The Clean Water Act essentially regulates pollutants that are discharged into waters. These regulations can result in the need for businesses, developers and others to get permits in order to move forward with a project. A failure to get the permit could mean the end of a project.
Knowing when a permit is required can be difficult, as the law is fairly complex. A wastewater treatment plant recently found itself embroiled in a dispute over the reach of this law. The issue involved its use of injection wells to dispose of treated sewage. The plant would pump the sewage into the groundwater, approximately half a mile away from the Pacific Ocean. This meant some of the waste eventually reached the ocean.
Environmental groups filed suit, claiming the plant was in violation of the Clean Water Act.
How does the Clean Water Act apply?
Generally, the Clean Water Act addresses actions that result in pollutants directly reaching the oceans and other protected waterways. This case was unique, as it asked the court to address whether an indirect action would also fall within the confines of the law. Ultimately, the Supreme Court ruled in favor of the environmental group.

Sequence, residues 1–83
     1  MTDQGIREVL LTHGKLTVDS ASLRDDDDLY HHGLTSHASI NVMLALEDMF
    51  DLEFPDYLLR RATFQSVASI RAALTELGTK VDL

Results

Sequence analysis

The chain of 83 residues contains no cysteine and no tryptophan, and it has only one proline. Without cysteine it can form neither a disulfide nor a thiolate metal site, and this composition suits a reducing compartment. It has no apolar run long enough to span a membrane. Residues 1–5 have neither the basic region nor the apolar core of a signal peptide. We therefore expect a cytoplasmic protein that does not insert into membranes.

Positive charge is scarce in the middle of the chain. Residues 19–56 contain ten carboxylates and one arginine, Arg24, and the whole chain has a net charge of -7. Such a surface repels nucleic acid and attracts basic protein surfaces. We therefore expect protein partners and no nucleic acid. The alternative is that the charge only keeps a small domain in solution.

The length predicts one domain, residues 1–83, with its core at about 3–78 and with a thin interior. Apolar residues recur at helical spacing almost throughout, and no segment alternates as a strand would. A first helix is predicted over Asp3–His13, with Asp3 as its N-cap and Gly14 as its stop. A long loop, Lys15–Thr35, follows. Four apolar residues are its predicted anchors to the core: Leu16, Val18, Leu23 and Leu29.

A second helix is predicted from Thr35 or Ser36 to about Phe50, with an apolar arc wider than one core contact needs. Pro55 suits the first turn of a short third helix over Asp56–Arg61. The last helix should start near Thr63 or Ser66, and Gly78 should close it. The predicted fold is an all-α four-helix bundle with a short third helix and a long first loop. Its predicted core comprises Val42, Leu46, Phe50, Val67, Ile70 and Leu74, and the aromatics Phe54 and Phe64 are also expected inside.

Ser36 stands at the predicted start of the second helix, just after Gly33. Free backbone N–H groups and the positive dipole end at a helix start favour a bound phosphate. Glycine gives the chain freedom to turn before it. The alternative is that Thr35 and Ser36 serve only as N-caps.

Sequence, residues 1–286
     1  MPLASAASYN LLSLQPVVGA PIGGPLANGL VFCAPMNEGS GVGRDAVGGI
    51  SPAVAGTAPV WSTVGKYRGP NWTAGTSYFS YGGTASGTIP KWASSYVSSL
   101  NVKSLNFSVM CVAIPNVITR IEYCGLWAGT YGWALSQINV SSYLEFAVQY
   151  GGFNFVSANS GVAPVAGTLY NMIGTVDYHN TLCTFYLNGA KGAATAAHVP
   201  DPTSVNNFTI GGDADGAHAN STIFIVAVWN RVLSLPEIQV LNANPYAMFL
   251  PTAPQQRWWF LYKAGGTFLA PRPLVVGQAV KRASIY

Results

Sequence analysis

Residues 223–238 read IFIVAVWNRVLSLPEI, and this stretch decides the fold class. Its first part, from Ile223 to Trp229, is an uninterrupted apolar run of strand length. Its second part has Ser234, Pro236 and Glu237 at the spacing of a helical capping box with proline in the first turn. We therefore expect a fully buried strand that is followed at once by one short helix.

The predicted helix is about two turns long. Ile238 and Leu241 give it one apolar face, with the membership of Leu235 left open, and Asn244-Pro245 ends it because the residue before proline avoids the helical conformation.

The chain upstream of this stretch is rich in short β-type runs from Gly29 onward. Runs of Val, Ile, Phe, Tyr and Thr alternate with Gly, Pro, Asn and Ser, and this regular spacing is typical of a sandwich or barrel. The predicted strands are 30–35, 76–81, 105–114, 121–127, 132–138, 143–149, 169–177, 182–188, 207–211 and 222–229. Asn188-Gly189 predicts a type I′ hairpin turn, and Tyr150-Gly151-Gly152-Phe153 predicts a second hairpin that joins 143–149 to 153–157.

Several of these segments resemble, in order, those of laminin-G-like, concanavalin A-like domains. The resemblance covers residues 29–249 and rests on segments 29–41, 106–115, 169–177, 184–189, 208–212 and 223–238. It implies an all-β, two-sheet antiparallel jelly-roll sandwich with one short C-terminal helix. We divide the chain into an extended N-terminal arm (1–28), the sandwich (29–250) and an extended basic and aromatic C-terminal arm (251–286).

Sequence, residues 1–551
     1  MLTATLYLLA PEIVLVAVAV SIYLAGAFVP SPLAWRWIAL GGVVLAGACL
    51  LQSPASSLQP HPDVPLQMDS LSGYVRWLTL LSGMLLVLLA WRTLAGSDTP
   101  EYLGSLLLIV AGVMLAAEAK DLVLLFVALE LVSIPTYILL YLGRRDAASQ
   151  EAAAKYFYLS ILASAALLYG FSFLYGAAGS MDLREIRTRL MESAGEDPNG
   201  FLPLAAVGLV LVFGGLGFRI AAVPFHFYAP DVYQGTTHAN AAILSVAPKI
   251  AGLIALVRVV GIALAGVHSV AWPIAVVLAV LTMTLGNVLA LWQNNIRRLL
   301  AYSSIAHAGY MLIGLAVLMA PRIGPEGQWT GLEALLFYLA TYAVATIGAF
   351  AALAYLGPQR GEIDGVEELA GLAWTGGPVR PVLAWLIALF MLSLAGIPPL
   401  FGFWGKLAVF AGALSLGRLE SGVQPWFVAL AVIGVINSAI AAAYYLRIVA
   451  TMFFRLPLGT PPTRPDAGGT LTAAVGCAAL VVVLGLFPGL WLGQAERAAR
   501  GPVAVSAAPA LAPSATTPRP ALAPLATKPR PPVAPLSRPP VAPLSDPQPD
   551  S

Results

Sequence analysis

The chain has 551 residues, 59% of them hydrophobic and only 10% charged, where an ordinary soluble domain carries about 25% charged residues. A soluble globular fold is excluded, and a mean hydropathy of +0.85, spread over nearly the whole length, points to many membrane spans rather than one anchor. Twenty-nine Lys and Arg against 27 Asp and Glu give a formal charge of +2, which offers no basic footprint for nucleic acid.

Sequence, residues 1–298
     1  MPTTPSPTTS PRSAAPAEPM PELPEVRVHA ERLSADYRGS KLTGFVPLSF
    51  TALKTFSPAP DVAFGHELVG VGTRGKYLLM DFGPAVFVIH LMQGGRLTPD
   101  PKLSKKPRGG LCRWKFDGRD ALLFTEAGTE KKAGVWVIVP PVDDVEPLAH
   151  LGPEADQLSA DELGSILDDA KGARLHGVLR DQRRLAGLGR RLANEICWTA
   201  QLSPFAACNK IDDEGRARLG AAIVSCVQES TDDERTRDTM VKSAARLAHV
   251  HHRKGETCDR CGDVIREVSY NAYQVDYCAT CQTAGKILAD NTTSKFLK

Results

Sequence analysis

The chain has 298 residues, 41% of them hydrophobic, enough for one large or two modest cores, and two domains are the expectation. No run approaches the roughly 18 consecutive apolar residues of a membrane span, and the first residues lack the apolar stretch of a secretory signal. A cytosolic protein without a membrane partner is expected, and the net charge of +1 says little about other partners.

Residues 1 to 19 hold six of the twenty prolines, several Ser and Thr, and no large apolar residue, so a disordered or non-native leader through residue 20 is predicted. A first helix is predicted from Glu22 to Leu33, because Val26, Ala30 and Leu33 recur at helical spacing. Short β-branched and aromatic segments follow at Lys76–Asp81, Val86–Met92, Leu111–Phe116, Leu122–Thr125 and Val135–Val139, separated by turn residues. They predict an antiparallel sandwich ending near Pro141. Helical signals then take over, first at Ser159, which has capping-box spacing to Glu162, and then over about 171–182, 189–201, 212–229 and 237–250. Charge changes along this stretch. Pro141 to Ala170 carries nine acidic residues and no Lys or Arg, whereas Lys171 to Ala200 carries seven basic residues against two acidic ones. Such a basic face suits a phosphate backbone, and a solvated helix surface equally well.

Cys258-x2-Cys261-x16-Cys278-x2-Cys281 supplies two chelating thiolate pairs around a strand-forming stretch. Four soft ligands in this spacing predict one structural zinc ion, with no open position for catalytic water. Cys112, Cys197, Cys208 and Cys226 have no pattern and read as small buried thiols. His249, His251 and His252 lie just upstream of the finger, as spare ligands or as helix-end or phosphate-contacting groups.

In this situation, the Clean Water Act would likely require the wastewater treatment plant to have a permit. The law requires the presence of such a permit for any point source of pollution that results in contamination of “navigable waters.” A failure to abide by this law comes with steep penalties — a $50,000 fine for starters.
What does this mean?
Rulings from the Supreme Court apply throughout the country. As a result, the ruling means some lawsuits over contamination of groundwater may move forward. In order to succeed, such cases would likely need to establish a “fundamental equivalent” to direct discharge. When considering whether such an equivalent is present, courts would consider the time and distance as well as the material the pollutants travel through before reaching navigable water and whether or not they are diluted along the way.